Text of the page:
More than simply an iconic cathedral and jewel of Gothic architecture, Notre-Dame de Paris was a treasure trove, housing priceless and irreplaceable marvels of immense religious, artistic, musical, historical and architectural value.
Some were lost to humanity forever in a blaze that ravaged the Paris cathedral on Monday. Others were spared, at least in part, or saved before the flames consumed the roof and spire.
A look at what is known about Notre Dame’s treasures and their fate.
CROWN OF THORNS
Regarded as the cathedral’s most sacred relic, Paris Mayor Anne Hidalgo said that the Crown of Thorns was saved.
It is purported to be a relic of the crown placed on the head of Jesus Christ at his crucifixion, obtained and transported to Paris by King Louis IX in the 13th century.
It is made of rushes wrapped into a wreath and tied with gold filament. Since 1896 it has been kept under glass and only occasionally displayed.
Paris Deputy Mayor Emmanuel Gregoire said that it was among pieces quickly transported to a “secret location” by officials after the fire.
Hidalgo said on Twitter that the tunic of Saint Louis, a long shirt-like garment from the 13th century and believed to have belonged to King Louis IX, was also rescued.
CROSS PIECE AND NAIL
The 24cm piece of wood and 9cm-long nail are purported to be from the cross on which Jesus Christ was crucified.
The wood fragment is kept in a glass case. The fate of the two relics is not known.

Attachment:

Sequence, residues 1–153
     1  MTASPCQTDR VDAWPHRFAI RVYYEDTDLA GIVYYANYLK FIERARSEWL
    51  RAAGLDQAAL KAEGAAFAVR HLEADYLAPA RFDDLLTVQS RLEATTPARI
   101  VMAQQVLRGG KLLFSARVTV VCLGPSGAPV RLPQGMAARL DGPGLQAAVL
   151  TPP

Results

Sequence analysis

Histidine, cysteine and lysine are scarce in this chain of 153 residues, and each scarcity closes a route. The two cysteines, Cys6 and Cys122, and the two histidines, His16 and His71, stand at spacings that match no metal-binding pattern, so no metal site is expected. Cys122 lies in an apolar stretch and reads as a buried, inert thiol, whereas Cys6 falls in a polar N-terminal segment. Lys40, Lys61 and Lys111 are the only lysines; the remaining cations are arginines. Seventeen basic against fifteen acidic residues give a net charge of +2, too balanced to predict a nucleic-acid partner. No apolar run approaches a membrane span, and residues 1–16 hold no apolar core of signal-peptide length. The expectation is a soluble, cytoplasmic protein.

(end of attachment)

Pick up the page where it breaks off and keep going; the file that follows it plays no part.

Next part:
The impressive organ dating to the 1730s and boasting an estimated 8,000 pipes did not burn and is intact, but nobody knows yet whether it was damaged by the heat or water.
“The organ is a very fragile instrument,” said Bertrand de Feydeau, vice president of the Fondation du Patrimoine, which protects France’s cultural heritage.
The organ has “incredible” sound, with “very rich colors,” and there is a waiting list of more than two years of organists wanting to play it, he said.
The cathedral’s roof was built using a lattice of giant beams cut from trees in primeval forests in the 12th and 13th centuries.
Experts have said that France no longer has trees big enough to replace the ancient wooden beams that burned in the Notre-Dame fire.
De Feydeau told France Info radio that the cathedral’s roof cannot be rebuilt exactly as it was before the fire, because “we don’t, at the moment, have trees on our territory of the size that were cut in the 13th century.”
The restoration work would have to use new technology to rebuild the roof, he said.
The cathedral’s three famed rose windows date to the 13th century.
It is too early to tell whether they survived unscathed, UNESCO Director-General Audrey Azoulay said.
Azoulay told reporters that art experts have not yet been able to assess the site yet after the blaze, although she has received encouraging reports.
About a dozen large paintings of religious scenes, called “Mays” and dating from between 1630 and 1708, hung in Notre-Dame.
French Minister of Culture Franck Riester said that the cathedral’s greatest paintings would be removed starting tomorrow.
“We assume they have not been damaged by the fire, but there may be damage from the smoke,” he said.
Last week, 16 religious statues got a lucky escape from Monday’s blaze: They were removed from the top of Notre-Dame for the first time in more than a century to be taken for cleaning.